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His Family

Ernest Poole, author of The Harbor and Giants Gone was the first novelist to win the Pulitzer Prize and he won it for His Family. In His Family, Roger Gale tries to live out his promise to his dying wife to keep his daughters together. Each young woman is distinct and unless they were sisters they’d never cross paths. Set in New York around the time of WWI, the novel follows Gale and his three daughters through a tumultuous era. Deborah throws herself into her work as principal for a tenement school. Edith obsesses over being the perfect mother making sure her children have the perfect childhood and Laura flits about as a “modern woman,” which by her definition means being a fashion plate who dances a lot.

Roger owns a clipping service, not the usual business featured in novels. His perspective of his daughters and life in this era was perceptive and genuine. He cares and yet feels unable to influence or understand his daughters. Life hands them surprises and tragedy, catching everyone off guard. Roger is as shaped by his daughters, particularly Deborah, as they are by him.

Here are a few favorite quotations:

“He saw each of his daughters, part of himself. And he remembered what Judith had said: ‘You will live on in our children’s lives.’ And he began to get glimmerings of a new immortality, made up of generations, an endless succession of other lives extending into the future.”

“Queer, how a man can neglect his children, as I have done … when the thing he wants most in life is to see each one …happy.”

“He had thought of childhood as something intimate and pure, inside his home, his family. Instead of that, in Deborah’s school he had been disturbed and thrilled by the presence all around him of something wild, barbaric, dark, compounded of the city streets, of surging crowds, of rushing feet, of turmoil, filth, disease and death, of poverty and vice and crime.”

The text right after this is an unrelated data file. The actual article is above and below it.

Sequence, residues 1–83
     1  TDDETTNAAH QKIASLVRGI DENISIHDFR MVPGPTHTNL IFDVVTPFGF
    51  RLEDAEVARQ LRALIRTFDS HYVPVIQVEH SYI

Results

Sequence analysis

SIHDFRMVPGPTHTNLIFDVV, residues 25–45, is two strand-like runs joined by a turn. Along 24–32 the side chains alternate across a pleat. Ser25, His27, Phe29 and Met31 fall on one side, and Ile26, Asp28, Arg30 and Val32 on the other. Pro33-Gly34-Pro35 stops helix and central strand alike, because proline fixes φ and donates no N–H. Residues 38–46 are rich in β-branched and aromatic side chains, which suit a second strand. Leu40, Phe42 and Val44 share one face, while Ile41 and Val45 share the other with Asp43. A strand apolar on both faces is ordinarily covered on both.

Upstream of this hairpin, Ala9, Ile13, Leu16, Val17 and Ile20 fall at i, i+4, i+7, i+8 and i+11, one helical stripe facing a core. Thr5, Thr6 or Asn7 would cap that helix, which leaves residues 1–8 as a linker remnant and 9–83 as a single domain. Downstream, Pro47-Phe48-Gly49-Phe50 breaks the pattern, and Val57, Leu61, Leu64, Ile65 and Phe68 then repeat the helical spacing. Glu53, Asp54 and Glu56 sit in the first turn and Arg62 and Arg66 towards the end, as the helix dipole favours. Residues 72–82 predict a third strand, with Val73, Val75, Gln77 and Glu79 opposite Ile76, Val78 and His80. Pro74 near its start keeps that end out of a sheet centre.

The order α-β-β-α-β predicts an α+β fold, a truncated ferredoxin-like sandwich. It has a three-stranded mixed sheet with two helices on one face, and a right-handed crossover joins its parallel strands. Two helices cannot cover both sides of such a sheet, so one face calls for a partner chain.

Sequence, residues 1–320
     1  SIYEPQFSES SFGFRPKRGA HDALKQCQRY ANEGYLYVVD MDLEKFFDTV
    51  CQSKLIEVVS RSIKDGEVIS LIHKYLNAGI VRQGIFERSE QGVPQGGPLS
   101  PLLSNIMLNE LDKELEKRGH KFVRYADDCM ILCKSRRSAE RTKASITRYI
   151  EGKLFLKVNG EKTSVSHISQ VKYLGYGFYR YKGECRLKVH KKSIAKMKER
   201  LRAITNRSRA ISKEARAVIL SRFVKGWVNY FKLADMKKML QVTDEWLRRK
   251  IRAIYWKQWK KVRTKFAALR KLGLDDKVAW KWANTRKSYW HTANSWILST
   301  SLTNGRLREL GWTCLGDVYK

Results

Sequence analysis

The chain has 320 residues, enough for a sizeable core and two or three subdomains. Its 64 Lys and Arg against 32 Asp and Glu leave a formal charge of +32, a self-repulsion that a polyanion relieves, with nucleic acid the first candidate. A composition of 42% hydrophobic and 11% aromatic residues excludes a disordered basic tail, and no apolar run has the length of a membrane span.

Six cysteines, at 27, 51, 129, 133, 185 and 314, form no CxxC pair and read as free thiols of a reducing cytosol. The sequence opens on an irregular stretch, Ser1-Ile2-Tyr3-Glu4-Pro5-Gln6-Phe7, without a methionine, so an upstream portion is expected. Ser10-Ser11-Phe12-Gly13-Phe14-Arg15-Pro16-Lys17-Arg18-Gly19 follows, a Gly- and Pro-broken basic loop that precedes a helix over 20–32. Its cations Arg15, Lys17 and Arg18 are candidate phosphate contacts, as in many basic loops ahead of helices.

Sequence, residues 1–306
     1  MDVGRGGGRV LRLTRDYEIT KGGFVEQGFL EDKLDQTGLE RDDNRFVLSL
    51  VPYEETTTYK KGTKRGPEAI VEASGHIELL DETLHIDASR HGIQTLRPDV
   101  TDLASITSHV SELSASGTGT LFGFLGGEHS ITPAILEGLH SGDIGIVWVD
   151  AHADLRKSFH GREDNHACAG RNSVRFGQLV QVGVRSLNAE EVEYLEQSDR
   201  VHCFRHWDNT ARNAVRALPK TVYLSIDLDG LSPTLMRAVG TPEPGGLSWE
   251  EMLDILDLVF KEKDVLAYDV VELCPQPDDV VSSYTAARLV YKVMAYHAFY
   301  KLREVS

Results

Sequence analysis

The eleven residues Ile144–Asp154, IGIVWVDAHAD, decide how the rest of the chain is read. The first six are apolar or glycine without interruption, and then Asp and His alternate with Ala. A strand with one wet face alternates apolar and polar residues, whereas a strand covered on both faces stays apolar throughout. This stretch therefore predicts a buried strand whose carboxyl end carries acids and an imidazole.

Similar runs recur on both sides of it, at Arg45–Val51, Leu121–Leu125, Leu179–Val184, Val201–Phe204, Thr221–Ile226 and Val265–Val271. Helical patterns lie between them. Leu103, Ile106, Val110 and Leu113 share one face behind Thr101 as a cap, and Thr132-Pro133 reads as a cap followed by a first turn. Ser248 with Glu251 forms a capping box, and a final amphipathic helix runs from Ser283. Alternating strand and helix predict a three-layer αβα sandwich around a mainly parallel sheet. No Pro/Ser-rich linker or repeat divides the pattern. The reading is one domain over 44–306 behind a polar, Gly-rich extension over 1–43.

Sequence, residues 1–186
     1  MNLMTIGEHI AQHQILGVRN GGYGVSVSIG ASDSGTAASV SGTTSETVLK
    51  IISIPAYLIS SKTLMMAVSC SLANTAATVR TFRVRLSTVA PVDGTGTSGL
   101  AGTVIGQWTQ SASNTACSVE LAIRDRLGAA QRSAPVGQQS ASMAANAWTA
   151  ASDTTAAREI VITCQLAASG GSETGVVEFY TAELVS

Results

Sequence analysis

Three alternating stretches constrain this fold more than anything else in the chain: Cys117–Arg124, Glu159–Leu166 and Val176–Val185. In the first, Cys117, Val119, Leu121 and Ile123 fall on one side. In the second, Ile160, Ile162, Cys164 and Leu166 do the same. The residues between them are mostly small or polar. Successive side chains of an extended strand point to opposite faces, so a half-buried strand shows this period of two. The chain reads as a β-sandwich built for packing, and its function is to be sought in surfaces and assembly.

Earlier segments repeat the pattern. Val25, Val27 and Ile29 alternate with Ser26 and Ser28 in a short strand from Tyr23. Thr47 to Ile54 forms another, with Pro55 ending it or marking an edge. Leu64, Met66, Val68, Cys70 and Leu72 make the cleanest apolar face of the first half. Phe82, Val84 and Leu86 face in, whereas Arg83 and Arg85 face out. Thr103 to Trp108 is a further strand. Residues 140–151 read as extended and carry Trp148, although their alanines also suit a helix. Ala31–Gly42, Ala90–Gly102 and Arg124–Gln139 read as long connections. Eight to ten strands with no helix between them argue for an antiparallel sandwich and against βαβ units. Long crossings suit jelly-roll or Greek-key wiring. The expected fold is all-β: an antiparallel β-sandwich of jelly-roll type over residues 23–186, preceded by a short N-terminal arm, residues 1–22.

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Posted by on October 20, 2014 in American Lit, classic

 

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The Harbor

harbor

Ernest Poole‘s The Harbor is tied for the most exciting book I’ve read this year (with The Count of Monte Cristo). Written in 1915, The Harbor tells the story of New York’s harbor from the late 19th century till WWI through the eyes of Bill, whose father has a lucrative business. The Harbor gripped me from page one when seven year old Bill shares how he hates the harbor. Though crude to a sheltered rich boy, this harbor is filled with sailing ships, exotic foreigners, spices, silks, and riches. Yeah, there’s plenty of spitting and cursing and the odd fist fight as Bill learns when he meets a Dickensian boy, Sam who’s something of a “harbor-urchin” leading a back of wildish boys who scare and fascinate Bill. He’s never the same after meeting Sam. The rich kids in their starched shirts with their gentle games lose whatever charm they had.

We follow Bill from his often adventurous childhood through college when he meets Joe Kramer, a worldly politically active man, whose family became destitute after his father unknowingly gave tainted medicine to children with small pox. Though the fault was with the drug company, Dr. Kramer and his family were driven out of town and had to move from town to town as rumors caught them. Joe is full of the straight dope. He sees through society’s shams and thinks most of college is a “tour through the graveyard.” Joe comes and goes always making Bill and his sister Sue question their views and life.

The Harbor has the tone of A Tree Grows in Brooklyn, that vivid, robust tone from the turn of the century. Poole’s not as polemic or biased as Upton Sinclair (whom I do like). The middle class and upper class views are presented honestly. It was amazing and sad to see how work and life on the harbor got harder when sailing ships were replaced by bigger steel ships.

Poole was the first writer to get a Pulitzer Prize, which he got for his second novel, The Family. From what I’ve read The Harbor‘s the better book and the new prize wanted the author of The Harbor to get credit for the fine writing in that book.

I’ve got that joy of discovering a new favorite writer whose every book I want to read. I’ll get to The Family after I finish his Giants Gone about “the men who made Chicago,” which I’m getting from the library this morning.

 
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Posted by on July 11, 2014 in American Lit, classic

 

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